The biggest issue facing the Russian ruble in 2017 is the price of oil, according to a Bloomberg survey of FX executives released today.
Of those polled, the majority (or 51%), say oil prices will have the biggest effect on the currency, with 83% of the executives saying that they feel that the ruble will be more correlated to oil than emerging markets currencies this year.
Of less concern in relation to the ruble were Russian Central Bank policies and geopolitics, which only 22% said they were concerned about, and just 5% of respondents said that they are concerned about US interest rate hikes.
Moscow Exchange (Moex) is now offering instruments to trade at the Moex FX USD/RUB and EUR/RUB fixing prices with clearing and settlement via its clearinghouse, NCC Clearing Bank.
The new offering aims to provide Russian and international banks with a hedge against the currency risk of OTC trading in rouble NDF with the net return calculated at maturity as the difference between the forward rate and the Moex fixing rate.
The fixing instruments, USDRUB_FIX0 and EURRUB_FIX0, are traded from 10:00-12:15 MSK on days when the Moex USD/RUB FX Fixing and Moex EUR/RUB FX Fixing (Т+0) are computed.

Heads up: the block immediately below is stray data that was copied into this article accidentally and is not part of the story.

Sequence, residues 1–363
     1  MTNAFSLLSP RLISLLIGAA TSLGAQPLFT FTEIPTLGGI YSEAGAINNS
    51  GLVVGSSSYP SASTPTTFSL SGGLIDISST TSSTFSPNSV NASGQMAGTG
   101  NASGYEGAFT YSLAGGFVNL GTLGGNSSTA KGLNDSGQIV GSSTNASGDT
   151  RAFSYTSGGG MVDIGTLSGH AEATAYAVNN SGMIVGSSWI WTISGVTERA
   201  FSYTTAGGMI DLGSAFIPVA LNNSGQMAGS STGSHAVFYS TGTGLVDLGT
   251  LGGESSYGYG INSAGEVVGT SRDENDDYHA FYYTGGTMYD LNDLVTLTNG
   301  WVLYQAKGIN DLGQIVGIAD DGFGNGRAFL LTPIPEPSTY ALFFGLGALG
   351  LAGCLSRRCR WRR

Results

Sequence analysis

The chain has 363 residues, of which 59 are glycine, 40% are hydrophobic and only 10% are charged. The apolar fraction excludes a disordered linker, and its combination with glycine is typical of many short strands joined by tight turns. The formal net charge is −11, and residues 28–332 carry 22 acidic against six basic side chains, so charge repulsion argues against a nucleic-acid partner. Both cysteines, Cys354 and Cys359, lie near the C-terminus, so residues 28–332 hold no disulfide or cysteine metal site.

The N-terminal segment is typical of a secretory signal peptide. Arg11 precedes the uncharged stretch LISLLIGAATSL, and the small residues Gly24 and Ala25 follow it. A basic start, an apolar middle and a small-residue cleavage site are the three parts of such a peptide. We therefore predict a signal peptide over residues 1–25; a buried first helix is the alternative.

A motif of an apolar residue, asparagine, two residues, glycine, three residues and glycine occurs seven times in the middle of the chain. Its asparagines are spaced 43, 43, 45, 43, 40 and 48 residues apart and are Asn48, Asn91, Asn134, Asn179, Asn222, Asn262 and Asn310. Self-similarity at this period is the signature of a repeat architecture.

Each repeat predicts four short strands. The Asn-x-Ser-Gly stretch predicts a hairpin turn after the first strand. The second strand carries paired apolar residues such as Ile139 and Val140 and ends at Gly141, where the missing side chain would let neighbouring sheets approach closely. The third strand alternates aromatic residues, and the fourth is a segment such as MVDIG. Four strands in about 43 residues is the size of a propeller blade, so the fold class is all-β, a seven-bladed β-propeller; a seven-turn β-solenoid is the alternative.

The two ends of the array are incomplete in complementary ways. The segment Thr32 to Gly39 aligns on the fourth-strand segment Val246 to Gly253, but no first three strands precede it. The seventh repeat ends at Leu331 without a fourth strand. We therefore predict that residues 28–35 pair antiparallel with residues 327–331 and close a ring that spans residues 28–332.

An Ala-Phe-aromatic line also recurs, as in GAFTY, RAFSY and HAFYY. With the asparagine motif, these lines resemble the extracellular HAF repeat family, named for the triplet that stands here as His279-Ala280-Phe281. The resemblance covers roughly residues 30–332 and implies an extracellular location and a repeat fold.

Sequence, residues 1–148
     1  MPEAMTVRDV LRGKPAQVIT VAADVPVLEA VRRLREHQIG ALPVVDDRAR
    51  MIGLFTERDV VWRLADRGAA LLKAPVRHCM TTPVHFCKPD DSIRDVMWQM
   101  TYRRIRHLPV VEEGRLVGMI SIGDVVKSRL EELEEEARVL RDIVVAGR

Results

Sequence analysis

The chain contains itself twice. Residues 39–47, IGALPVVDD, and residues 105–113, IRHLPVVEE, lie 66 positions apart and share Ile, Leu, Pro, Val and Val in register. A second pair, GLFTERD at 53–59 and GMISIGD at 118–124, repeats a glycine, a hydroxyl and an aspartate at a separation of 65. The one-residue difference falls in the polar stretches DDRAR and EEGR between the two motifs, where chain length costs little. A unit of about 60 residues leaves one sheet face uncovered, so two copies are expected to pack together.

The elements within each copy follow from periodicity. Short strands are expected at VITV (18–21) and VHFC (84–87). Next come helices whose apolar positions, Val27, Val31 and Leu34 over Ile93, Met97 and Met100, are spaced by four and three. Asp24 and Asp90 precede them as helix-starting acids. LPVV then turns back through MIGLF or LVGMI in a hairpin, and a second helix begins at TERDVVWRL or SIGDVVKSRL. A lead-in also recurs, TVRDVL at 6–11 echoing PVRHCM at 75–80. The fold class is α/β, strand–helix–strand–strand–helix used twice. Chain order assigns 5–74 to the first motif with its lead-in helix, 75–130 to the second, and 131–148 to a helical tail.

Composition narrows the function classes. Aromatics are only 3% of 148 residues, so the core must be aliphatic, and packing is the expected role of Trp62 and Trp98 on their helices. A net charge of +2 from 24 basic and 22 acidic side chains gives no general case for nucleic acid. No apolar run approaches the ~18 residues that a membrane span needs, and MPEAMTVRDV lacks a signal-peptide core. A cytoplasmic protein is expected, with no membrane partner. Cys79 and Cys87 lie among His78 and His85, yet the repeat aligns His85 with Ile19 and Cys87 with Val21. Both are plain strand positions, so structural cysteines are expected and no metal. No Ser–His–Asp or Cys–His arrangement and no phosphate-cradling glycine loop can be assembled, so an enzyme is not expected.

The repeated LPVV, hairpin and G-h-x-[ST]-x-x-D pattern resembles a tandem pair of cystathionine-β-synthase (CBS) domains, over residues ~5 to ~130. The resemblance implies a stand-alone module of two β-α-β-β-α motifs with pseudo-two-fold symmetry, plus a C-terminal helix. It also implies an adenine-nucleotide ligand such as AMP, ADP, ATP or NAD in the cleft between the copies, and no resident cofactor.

Greater automation in emerging markets is widely seen to be merely a matter of time. Profit & Loss talks to Darryl Hooker, former co-head of EBS Brokertec Market and currently consultant at Capitolis about his experience in helping bring a larger ‘e’ focus to Russia and China.
Profit & Loss: Can you give us an insight into the thinking that saw you focus on first Russian markets and then China when you were at EBS? What are the main signals that identify a frontier market ready to move into the mainstream of EM?
Darryl Hooker: A common pitfall in emerging markets is to make the mistake of considering them collectively despite the fact that they have very particular and specific nuances.